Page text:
Deploying a city-wide municipal surveillance system is an obviously daunting task. From technology concerns, to public outcry, to finding funding — these can be the most challenging physical security deployments, and maintaining them once they are in operation isn’t easy either.
STE recently sat down with five experts in the field of municipal surveillance so they can offer their tips, tricks and insights into what it takes to deploy and maintain such a complicated and expansive system. They represent five different municipal security deployments in the downtown areas of Dallas, Atlanta, Chicago, Wilkes-Barre, Pa., and Freeport, Texas.
Nearly all of these experts were major presenters at the Secured Cities Conference that was held in mid-May in Atlanta. Please visit www.securedcities.com to learn more.
STE: From your experience, what are the deployment/installation challenges for municipal surveillance systems?
Martin Cramer: Camera deployment and proper placement for optimum results was a challenge. In Dallas, we believe "Less is Better" regarding Camera deployment — putting a camera on every corner will not prevent crime or a terrorist attack. But strategic deployment based on crime trend analysis in conjunction with live monitoring and advanced analytics does pay off in a big way. The Public Safety Committee established criteria for determining where cameras would be deployed and how it would be funded. Camera placement was limited to City-owned property with existing power. The majority of cameras are installed on Stop Light and Street Light poles in high-crime locations with the best 360-degree view of the surrounding area. Parking lots, parks, bus stops, sidewalks and public areas are the focus of the camera system.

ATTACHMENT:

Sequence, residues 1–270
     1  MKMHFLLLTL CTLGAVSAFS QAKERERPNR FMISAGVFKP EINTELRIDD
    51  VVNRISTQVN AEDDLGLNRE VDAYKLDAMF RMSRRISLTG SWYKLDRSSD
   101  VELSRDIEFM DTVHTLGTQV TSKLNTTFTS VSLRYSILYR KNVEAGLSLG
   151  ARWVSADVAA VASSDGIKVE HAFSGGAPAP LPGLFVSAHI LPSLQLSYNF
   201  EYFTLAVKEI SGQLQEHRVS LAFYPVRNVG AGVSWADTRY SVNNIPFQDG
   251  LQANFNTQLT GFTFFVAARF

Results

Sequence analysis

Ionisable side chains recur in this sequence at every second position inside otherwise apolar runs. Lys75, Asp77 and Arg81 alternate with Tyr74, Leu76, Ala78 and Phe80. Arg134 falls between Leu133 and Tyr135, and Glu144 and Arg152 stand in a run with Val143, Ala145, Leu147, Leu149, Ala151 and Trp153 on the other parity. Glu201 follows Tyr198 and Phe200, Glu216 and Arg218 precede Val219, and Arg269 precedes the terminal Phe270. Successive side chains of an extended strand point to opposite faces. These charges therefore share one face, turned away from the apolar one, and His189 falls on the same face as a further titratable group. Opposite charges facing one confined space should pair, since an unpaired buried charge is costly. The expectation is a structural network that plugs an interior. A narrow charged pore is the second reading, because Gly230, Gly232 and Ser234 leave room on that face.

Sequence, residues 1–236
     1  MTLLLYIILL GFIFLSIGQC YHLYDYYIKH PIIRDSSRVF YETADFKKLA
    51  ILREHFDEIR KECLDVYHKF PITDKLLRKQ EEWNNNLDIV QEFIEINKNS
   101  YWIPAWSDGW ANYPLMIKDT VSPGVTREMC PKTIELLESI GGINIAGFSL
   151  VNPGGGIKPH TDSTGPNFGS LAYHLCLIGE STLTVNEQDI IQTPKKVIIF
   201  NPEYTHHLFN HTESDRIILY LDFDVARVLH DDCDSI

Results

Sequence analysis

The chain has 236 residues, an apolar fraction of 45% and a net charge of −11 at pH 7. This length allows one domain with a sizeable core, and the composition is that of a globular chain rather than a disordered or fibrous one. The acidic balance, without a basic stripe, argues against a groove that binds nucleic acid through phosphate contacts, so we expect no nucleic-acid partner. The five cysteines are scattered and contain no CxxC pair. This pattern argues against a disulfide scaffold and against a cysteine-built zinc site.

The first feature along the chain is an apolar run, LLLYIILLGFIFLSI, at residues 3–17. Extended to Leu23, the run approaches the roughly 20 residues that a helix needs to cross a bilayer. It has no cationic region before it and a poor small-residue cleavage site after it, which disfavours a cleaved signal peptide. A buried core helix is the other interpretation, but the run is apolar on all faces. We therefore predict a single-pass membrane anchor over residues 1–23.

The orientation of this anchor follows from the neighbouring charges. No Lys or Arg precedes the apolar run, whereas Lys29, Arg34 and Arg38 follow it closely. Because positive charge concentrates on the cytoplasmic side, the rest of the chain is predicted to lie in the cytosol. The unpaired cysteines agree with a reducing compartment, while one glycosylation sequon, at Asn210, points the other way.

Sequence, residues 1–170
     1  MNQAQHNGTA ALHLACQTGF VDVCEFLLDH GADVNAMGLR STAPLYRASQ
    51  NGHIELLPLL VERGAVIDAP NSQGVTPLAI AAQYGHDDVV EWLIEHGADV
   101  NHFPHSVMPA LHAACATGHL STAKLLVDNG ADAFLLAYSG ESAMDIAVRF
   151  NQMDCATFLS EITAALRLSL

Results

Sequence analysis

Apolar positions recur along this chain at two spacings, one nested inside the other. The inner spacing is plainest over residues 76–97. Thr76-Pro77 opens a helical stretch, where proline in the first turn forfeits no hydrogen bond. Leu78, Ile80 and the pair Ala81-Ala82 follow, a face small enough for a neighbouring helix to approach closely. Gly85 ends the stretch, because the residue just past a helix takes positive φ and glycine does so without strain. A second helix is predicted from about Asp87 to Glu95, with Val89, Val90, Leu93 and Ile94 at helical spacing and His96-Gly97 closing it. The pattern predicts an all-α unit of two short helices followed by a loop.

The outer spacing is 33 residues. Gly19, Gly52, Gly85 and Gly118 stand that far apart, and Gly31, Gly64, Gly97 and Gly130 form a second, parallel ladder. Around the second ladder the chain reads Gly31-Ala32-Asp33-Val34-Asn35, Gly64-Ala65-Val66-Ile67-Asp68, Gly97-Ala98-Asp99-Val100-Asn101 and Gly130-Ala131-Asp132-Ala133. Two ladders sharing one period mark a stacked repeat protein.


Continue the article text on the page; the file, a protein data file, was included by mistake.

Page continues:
David Wardell: We are very fortunate in Atlanta in that the business community normally cooperates and supports City initiatives, and understands the need for partnerships. Challenges included integrating approval and implementation processes and procurement rules — in particular, in selecting vendors for services; sole-source selection justification; approval and execution of project funding; due diligence and indemnification for the municipality; and speed of action or phases.
Patrick O’Donnell: Some of our challenges in Chicago regarding deployment/ installation included:
• Finding a suitable light pole that will handle the weight of the camera equipment, while also providing an unobstructed view of the area.
• Connection/transmission issues — Some of the areas have few options for bringing the camera feed back to our network, either by direct fiber connection, wireless (wireless aggregation points may be too far away, obstructed by trees, buildings, oversaturated, etc.), or poor cellular coverage for EVDO feeds.
• Getting power to some of the locations can be quite difficult.
J.J. Murphy: Getting proper connectivity on the wireless system was a challenge. We had the system perfect for logging into the Internet, but it wasn’t powerful enough to transmit the video at the speed we wanted. So, we had to increase the amount of wireless hot points that were located throughout the city of Wilkes-Barre, and once we did that, the problem was solved.
Ty Morrow: The major challenge is to identify the existing gaps in security within a municipality. Once these gaps are identified, the entity will need to develop a strategy to fill them. At a minimum they will need to look at the following:
1. Which security company can provide the best solution for the cost?
2. Which security company has a proven track history and viability?
3. How do you identify the funding cost?
4. Establishing a budget to pay the cost.
5. Developing partners in the community to help fund the cost.
6. Developing a buy-in from your constituent base.
7. Development of an implementation strategy (you can’t get it all at once).
8. You have to sell the project, to overcome the NIMB (Not in my backyard groups).